Immigration, Refugees, and Citizenship Canada (IRCC) has established a new public policy to enable certain international graduates who had previously been refused a Post-Graduation Work Permit (PGWP) to re-submit their applications.
Eligible international graduates who have completed a study program at a recognized Canadian institution may apply for a PGWP. A PGWP is an open work permit allows the holder to work anywhere in Canada for any employer, and may be issued for up to three years, depending on the length of the applicant’s study program.
Under the terms of the public policy outlined this week, international graduates who have previously had an application for a PGWP refused may be eligible to re-submit if:
This policy also outlines how foreign nationals who meet the above criteria may also be considered for restoration of temporary resident status. According to an Operational Bulletin published by the government of Canada on October 17, 2016, ‘The public policy waives the requirement that an application to restore temporary resident status be made within 90 days of losing temporary resident status. Therefore, if an eligible foreign national in Canada is without status and is past their 90-day restoration period, they may still apply for an open work permit under the public policy.’
All applications submitted under the public policy must be received by Immigration, Refugees and Citizenship Canada (IRCC) by March 17, 2017.
Rajendra Prasad Appidy came to Canada from India to pursue post-secondary studies. After completing a one-year program in Information Security Management at Fanshawe College in Ontario, he decided to continue his studies at Niagara College, Ontario. He chose this college for its General Arts and Science program, which allowed him to transfer his credits from Fanshawe College and complete the normally two-year program in one semester. Out of the six courses Appidy took at Niagara College, five were online courses.
However, when Appidy applied for a PGWP after graduating from Niagara College, his application was refused. The reason for the refusal was that the majority of his program of study at Niagara College was comprised of online courses, and graduates of distance learning programs are not eligible for a PGWP.
Appidy appealed the refusal, arguing that he completed two years of full-time education in Canada and that he took only 25 percent of his courses online. Moreover, the officer evaluating the application did not consider Appidy’s previous courses at Fanshawe College when making the decision to refuse the application. When his courses at Fanshawe College were considered with his courses at Niagara College, 75 percent of his courses over two years of full-time study were taken in class.
The officer maintained that the courses undertaken at Fanshawe College could not be taken into consideration because they were completed more than 90 days before Appidy’s application for a PGWP was submitted. According to the regulations relating to the processing of PGWP applications, an international graduate must submit his or her application within 90 days of receiving written confirmation that the graduate has completed the requirements of the study program. Therefore, the officer considered the application solely on the basis of the courses taken at Niagara College. As these courses were mostly online, the application was refused.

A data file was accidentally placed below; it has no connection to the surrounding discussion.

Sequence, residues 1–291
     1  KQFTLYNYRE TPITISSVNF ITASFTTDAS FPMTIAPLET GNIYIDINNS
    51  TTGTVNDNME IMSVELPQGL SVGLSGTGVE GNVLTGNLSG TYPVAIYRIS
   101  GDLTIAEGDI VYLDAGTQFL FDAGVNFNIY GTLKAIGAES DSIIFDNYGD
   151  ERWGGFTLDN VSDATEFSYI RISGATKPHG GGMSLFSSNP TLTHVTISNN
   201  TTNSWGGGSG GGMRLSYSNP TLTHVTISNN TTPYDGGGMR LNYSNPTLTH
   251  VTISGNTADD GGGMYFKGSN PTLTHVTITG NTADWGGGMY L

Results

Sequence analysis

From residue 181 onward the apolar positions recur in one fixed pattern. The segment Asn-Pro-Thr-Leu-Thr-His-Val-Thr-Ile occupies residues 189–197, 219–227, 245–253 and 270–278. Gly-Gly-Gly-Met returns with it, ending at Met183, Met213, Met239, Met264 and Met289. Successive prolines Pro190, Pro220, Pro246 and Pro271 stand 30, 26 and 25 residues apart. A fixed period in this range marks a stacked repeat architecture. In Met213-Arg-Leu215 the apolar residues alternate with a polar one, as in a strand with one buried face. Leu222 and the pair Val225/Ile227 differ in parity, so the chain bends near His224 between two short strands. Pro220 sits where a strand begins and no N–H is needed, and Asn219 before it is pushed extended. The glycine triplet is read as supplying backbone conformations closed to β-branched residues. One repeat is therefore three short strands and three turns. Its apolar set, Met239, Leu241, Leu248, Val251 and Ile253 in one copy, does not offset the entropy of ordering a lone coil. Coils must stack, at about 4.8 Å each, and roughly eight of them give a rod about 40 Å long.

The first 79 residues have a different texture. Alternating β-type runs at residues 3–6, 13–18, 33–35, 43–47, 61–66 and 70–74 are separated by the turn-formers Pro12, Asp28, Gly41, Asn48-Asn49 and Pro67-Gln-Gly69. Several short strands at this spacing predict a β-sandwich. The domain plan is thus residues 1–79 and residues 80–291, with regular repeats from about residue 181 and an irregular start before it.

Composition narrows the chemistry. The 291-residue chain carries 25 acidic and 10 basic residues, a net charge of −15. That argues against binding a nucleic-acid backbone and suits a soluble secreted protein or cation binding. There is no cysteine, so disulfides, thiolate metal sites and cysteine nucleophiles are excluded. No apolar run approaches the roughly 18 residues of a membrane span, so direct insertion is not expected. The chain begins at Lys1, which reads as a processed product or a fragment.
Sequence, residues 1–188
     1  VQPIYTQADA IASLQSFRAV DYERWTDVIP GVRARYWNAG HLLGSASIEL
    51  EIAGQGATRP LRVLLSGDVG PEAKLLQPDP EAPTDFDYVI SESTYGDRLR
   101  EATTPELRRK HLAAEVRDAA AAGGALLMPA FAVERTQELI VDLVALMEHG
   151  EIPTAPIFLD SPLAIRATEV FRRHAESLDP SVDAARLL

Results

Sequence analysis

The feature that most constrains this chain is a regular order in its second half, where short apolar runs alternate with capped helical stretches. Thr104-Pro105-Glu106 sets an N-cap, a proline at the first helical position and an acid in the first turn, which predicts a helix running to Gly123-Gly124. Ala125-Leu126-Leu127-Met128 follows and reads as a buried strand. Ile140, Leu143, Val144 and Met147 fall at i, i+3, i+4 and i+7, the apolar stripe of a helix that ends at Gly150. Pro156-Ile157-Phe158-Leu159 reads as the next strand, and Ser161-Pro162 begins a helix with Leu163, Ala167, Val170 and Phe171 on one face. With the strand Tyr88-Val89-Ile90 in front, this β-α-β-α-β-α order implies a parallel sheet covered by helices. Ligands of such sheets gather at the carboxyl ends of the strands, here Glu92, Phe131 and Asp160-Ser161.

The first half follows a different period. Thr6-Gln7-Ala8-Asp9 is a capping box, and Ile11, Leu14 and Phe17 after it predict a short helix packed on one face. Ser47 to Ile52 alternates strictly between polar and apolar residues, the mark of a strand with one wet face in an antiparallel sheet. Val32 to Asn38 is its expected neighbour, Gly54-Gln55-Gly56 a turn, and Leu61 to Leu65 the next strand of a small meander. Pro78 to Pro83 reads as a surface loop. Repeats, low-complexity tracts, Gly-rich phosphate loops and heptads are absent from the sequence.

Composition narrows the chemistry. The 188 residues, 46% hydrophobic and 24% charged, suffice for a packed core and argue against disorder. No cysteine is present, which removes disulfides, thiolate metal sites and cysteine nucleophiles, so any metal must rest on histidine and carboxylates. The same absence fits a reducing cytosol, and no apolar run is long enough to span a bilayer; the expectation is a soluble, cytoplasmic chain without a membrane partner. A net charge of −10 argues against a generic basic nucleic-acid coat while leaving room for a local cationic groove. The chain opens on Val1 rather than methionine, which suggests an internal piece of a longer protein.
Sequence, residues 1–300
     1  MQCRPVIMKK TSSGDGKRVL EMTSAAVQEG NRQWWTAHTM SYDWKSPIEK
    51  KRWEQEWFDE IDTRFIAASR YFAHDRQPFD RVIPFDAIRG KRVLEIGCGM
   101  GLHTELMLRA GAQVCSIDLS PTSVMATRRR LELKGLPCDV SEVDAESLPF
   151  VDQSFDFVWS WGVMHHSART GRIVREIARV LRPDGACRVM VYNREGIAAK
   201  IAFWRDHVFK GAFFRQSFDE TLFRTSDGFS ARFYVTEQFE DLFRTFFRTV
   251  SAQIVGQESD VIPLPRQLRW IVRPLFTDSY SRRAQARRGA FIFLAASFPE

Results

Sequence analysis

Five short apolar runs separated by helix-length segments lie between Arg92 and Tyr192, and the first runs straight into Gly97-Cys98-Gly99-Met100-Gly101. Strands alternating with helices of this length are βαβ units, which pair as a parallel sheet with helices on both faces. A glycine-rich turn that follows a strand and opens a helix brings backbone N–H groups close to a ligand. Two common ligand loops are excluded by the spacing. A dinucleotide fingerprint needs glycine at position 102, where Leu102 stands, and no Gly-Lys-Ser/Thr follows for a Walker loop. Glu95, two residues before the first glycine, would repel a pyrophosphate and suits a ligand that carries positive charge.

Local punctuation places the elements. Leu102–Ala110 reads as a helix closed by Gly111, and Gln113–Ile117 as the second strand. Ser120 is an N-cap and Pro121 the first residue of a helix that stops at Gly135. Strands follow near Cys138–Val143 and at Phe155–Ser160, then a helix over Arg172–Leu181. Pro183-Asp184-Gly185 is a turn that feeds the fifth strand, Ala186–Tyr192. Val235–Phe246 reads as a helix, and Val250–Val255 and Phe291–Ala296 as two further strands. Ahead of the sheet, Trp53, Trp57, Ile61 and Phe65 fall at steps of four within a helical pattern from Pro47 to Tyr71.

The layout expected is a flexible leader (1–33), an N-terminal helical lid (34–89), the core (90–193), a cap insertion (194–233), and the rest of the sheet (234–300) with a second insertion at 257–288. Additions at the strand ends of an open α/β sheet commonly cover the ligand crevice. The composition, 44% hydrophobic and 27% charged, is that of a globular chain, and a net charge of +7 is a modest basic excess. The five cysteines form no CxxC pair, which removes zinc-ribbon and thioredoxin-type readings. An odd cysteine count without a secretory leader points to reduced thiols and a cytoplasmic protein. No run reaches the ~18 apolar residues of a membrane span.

In December 2015, a Federal Court judge ruled that Appidy’s application for judicial review was allowed, based on the decision that the immigration officer had been unreasonable in ignoring Appidy’s study program at Fanshawe College. As Appidy’s credits from Fanshawe College were required in order for Appidy to complete the study program at Niagara College, the credits from Fanshawe College could not be discounted from consideration. Consequently, the delay of 90 days since the completion of the study program at Fanshawe College was not relevant.
The case of Appidy v. Canada (Citizenship and Immigration) is important because it resulted in the reconsideration of an application that was refused on unreasonable grounds. Furthermore, it is unusual that an individual’s appeal for judicial review causes the creation of a new policy in a department of the federal government. Individuals who meet the three criteria outlined above may re-submit their application for a PGWP without having to pay any further application fees.
“The establishment of this new public policy is a laudable action on the part of Immigration, Refugees, and Citizenship Canada,” says Attorney David Cohen.
“It is not unusual that an applicant to a Canadian immigration or temporary residence program appeals a refusal, and the Canadian legal system is set up to accommodate appeals. Indeed, many success stories emerge out of the appeals process. As a result of this public policy, graduates who received similar unreasonable refusals for a post-graduation work permit may avoid the lengthy court appeal process, and move on with their pathway to working and settling in Canada.”
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